22. 5 out of 5

    Dee Renee Chesnut

    I downloaded this ebook to my Nook library when Barnes and Noble offered this for free in Feb 2013. It gets 4 stars because I could recommend it to a friend who enjoys what I call a police-procedural mystery, and it was entertaining.

  23. 5 out of 5

    Denise Mullins

    Once-righteous homicide detective, Roland March is desperate to claw his way back to respectability by insinuating himself in a teen's missing person's case even though his intuition tells him she's already dead. In a police procedural that ultimately encompasses every other person who enters the precinct and ties them to myraid crimes that amazingly are all interconnected, this plot drags on way too long to sustain reader interest. Moreover, while this genre is typically plot driven, the author Once-righteous homicide detective, Roland March is desperate to claw his way back to respectability by insinuating himself in a teen's missing person's case even though his intuition tells him she's already dead. In a police procedural that ultimately encompasses every other person who enters the precinct and ties them to myraid crimes that amazingly are all interconnected, this plot drags on way too long to sustain reader interest. Moreover, while this genre is typically plot driven, the author used poor judgment by trying to develop character profiles which were inconsequential and ended up being woefully one-dimensional anyway.

  24. 5 out of 5

    Laura

    Title: BACK ON MURDER Author: J. Mark Bertrand Publisher: Bethany House July 2010 ISBN 978-0-7642-0637-5 Genre: Fiction/Suspense Objective justice is impossible to arrive at, given the circumstances. You know, the sin nature all of humanity inherits from Adam. That doesn’t stop Detective Roland March from striving for the impossible. While battling internal demons, dueling with matrimonial conflicts, and struggling to survive professional suicide (not to mention homicide), March displays moments of s Title: BACK ON MURDER Author: J. Mark Bertrand Publisher: Bethany House July 2010 ISBN 978-0-7642-0637-5 Genre: Fiction/Suspense Objective justice is impossible to arrive at, given the circumstances. You know, the sin nature all of humanity inherits from Adam. That doesn’t stop Detective Roland March from striving for the impossible. While battling internal demons, dueling with matrimonial conflicts, and struggling to survive professional suicide (not to mention homicide), March displays moments of sheer brilliance counterpointed with instances of personal failure. Undeterred, Detective March manages to focus on the goal with a sniper’s intensity, and hangs on to every lead with a bulldog’s tenacity, avoiding potential landmines with the seasoned skill of a true professional. Once Roland March sinks his teeth into a case, there is no turning back. In this volume, March’s quick wits and razor-sharp intuition serve him well. It’s a good thing, considering the obstacles that lie in his path: a depressed wife, a vindictive superintendent, and an entire Special Unit comprised of ruthless, dirty cops who have been chosen and groomed by an equally ruthless supervisor, who just happens to be the very one who hung March out to dry in the first place. To balance the odds, March has a new partner who is arguably his equal in every aspect . . . and she’s a true believer. In her universe, nothing happens by accident. There are no coincidences. And one more thing. March has a missing girl who is crying out for justice. That pretty much settles the case, as far as Detective Roland March is concerned. Because, March is BACK ON MURDER. It took me a couple of tries to get into this book. However, Bertrand’s ability to breathe life (albeit gritty, realistic, sometimes emotionally chaotic life) into his characters drew me in, until I couldn’t put the book down. I found myself riding in the backseat as March and Cavallo (his new partner) “made the rounds,” if this phrase could be coined giving the situations they face. And ever present is March’s insistence upon justice being served; ever the “straight arrow,” March has high (though realistic) expectations for those around him, and even higher (sometimes unrealistic) expectations for himself. If you pick up BACK ON MURDER with the intention of trying to “outwit” the author; with the intention of trying to figure out “whodunit,” you are going to be missing out on a wonderful story. 382 pages. $14.99 softcover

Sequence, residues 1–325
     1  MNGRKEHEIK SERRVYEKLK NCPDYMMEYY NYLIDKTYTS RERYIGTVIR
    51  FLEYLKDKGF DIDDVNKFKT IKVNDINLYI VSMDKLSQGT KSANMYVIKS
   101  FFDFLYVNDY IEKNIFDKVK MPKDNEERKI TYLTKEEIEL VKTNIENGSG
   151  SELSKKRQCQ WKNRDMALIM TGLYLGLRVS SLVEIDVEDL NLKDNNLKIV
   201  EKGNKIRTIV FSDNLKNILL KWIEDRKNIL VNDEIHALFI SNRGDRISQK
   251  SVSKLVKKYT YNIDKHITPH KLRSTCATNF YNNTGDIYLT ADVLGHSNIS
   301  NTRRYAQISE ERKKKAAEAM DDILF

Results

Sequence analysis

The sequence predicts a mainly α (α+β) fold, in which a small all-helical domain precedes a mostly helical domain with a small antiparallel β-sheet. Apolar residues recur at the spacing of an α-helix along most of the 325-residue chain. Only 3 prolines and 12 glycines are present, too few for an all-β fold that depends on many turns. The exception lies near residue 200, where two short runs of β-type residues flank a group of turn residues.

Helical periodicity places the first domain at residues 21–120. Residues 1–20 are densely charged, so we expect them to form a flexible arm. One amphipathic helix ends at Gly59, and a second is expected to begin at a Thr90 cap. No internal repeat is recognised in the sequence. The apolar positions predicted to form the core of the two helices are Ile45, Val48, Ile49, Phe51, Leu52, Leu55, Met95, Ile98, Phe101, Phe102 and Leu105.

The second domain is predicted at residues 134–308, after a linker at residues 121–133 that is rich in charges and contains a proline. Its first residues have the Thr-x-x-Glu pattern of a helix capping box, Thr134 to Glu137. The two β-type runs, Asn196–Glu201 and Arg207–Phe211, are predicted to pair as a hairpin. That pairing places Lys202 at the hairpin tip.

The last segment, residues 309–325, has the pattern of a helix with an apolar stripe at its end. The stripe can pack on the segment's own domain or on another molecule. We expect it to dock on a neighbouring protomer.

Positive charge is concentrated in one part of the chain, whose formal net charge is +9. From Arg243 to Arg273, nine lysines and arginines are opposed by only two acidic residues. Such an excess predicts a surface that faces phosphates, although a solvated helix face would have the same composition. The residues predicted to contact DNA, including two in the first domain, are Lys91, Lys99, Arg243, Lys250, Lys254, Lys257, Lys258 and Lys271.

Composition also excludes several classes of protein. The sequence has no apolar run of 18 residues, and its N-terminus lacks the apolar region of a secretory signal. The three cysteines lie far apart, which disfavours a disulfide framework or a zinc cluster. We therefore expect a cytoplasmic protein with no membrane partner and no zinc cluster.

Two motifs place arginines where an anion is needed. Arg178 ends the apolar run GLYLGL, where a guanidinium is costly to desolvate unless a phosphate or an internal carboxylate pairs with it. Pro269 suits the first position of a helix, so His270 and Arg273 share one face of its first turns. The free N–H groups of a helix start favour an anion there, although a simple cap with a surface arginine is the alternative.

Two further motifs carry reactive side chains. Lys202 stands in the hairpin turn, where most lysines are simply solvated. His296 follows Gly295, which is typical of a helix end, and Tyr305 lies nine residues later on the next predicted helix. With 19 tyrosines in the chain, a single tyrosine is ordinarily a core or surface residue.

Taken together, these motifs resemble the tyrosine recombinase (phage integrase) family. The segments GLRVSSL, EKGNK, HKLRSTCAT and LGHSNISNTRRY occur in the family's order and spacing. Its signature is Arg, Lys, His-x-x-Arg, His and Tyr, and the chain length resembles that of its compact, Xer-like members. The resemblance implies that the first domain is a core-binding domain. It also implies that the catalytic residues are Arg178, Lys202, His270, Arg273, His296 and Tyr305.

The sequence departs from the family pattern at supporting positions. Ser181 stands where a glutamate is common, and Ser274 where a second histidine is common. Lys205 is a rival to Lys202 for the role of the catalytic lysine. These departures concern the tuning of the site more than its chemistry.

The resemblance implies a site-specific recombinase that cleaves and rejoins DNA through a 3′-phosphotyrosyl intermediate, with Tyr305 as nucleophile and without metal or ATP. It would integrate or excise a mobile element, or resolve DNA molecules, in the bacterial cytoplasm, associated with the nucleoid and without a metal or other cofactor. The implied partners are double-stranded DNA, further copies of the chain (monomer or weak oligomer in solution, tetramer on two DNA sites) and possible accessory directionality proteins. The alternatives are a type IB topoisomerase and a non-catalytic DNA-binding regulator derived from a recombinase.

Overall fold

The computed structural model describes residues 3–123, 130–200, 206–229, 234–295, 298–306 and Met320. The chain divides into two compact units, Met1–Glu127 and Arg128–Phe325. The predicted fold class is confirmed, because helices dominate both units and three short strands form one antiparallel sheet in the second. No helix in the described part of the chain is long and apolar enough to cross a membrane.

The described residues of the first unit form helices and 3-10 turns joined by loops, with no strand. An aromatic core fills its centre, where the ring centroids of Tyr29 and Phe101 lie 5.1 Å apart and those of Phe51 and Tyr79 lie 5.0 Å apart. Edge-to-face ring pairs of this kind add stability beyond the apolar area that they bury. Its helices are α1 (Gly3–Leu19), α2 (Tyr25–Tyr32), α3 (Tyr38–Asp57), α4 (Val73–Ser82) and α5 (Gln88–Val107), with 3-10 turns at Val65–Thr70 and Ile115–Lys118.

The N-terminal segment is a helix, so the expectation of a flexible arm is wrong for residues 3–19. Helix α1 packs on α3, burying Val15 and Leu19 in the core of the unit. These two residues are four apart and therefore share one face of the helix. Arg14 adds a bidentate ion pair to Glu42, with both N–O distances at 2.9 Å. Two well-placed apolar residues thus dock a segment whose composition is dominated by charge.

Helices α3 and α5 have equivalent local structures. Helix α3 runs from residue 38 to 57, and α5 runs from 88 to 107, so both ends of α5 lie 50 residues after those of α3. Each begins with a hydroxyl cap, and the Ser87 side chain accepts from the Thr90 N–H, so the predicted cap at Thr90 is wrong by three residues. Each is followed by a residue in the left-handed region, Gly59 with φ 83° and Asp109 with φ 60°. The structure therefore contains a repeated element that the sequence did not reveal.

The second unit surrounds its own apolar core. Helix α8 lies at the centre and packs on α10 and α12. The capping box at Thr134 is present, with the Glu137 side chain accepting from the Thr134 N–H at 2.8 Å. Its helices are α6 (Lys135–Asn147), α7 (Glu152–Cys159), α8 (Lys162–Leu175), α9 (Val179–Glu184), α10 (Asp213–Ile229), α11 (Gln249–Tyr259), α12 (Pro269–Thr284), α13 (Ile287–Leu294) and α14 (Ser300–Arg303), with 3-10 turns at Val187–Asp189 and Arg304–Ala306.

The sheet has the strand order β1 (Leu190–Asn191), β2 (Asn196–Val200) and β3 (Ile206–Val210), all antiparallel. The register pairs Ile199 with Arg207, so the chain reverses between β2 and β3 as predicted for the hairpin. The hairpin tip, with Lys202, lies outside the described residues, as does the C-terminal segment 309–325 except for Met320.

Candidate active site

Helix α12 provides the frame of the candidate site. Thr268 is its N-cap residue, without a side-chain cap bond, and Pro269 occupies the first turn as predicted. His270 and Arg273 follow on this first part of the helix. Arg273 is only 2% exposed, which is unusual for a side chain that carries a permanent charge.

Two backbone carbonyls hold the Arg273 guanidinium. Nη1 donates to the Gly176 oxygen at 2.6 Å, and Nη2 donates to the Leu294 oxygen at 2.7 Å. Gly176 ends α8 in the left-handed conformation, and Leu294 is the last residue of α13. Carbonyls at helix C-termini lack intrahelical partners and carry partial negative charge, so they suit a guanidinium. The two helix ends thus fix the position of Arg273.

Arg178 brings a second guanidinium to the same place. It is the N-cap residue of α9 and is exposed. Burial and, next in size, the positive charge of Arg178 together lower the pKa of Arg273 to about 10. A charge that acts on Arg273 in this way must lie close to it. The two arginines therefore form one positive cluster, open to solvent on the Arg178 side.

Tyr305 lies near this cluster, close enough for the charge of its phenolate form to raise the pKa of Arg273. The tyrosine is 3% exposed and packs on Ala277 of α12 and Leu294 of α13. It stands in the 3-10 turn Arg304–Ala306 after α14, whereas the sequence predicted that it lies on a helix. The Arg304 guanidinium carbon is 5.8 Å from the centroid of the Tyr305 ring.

25. 4 out of 5

    Trinity Rose

    I love a really good mystery and “Back on Murder” is the greatest. I love to see how the title and cover of the book fit the story. The title “Back on Murder” tells you just what March is trying to do. This book is written in the first person, which I usually don’t like, but in this book it is fantastic. Roland March reminds me of Sam Spade, when he finds a clue he keeps working it until it makes sense. Roland’s wife Charlotte is a corporate attorney and you can tell from the beginning of the boo I love a really good mystery and “Back on Murder” is the greatest. I love to see how the title and cover of the book fit the story. The title “Back on Murder” tells you just what March is trying to do. This book is written in the first person, which I usually don’t like, but in this book it is fantastic. Roland March reminds me of Sam Spade, when he finds a clue he keeps working it until it makes sense. Roland’s wife Charlotte is a corporate attorney and you can tell from the beginning of the book that they have a lot of problems in their marriage. There is something that is really eating at March and Charlotte, and not to far into the book we find out what. March has/does make mistakes like all of us, but he doesn’t give up. This is his last chance to save his career. March is trying to acquire respect back from the other officers. He is the first one to discover facts at a crime scene that is significant to the case. Then his boss calls him into his office, and gives him one more chance. A lot of books are full of light hearted banter and as I call it fluff, but “Back on Murder” is like real life. If you love a good mystery you will love this book. J. Mark Bertrand co-authored with Deeanne Gist in the book “Beguiled” which was a super read so I knew this book was going to be wonderful and I wasn’t disappointed. This book is a page turner and I had a hard time not sitting down and reading it at one time. I always try to figure out who did it, but couldn’t with this book. One that will keep you guessing to the very end. I’m really glad this is going to be a series. One book isn’t enough. I want to see March’s next case, how things continue to go in his marriage, how he gets along with the other detectives etc…… So much to ponder. This is J. Mark Bertrand’s first mystery and I say he has found his calling. He is one of my newest, favorite authors. I highly recommend this book. It is a book you will want to keep and enjoy over and over.